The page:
Las Vegas Sun

April 20, 2014

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Lawsuit claims Station ‘not acting gentlemanly’

Class-action lawsuits in response to big business deals are common.

Uncommon are lawsuits that begin with a quote from Russian novelist Leo Tolstoy.

A Station Casinos bondholder sued the company in federal court on behalf of similarly situated investors Thursday, saying some bondholders were left out of a plan to recapitalize the company.

"A gentleman is a man who will pay his gambling debts even when he knows he has been cheated," the complaint begins. Station Casinos' owners "are not acting gentlemanly," it continues.

Station Casinos, one of Las Vegas' largest victims in this recession, is expected to file for bankruptcy in March after bondholders vote on a proposed restructuring plan.

The plan proposes that bondholders exchange their bonds for notes worth less money. If a majority approve the offer, Station owners will put $244 million in new equity into the company, reducing the company's debt and keeping bank lenders at bay.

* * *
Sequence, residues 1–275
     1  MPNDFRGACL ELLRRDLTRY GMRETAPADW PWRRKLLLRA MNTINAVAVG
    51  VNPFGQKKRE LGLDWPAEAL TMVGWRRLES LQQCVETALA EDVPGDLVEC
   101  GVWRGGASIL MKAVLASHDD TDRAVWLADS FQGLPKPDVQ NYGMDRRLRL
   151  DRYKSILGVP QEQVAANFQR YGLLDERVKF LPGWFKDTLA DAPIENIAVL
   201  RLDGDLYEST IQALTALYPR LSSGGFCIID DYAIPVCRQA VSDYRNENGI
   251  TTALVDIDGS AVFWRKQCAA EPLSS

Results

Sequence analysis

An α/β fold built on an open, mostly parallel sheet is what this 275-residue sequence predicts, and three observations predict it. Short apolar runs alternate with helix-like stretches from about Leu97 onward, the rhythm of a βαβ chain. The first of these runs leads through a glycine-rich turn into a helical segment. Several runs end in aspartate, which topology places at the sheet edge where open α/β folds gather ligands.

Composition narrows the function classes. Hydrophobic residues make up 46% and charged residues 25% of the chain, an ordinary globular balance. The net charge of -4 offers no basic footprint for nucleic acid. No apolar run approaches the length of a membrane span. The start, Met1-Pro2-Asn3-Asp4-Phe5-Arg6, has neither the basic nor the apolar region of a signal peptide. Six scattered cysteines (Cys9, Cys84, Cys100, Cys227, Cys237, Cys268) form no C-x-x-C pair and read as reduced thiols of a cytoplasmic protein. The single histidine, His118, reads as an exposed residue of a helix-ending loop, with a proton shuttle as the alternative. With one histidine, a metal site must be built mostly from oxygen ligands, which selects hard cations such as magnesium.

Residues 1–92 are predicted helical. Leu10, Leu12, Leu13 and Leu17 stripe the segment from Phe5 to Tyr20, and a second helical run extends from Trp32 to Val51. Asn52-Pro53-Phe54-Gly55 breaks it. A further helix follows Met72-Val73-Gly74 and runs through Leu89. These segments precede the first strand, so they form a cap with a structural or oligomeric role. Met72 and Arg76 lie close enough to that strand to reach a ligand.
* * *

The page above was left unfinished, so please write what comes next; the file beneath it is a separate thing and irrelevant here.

Station hopes bondholders will approve the so-called prepackaged bankruptcy plan, which would expedite the bankruptcy process and keep the Fertitta family, with partners Colony Capital, at the company's helm.

In his complaint, bondholder S. Blake Murchison says some bondholders are at risk of losing everything in a bankruptcy liquidation because they haven't been given the chance to exchange their bonds for new ones that would be ahead of existing notes in bankruptcy court. He owns two bonds.

The exchange offers are limited to "qualified institutional buyers" and "certain non-U.S. investors located outside the United States," the suit claims.

Station Casinos couldn't be immediately reached for comment.

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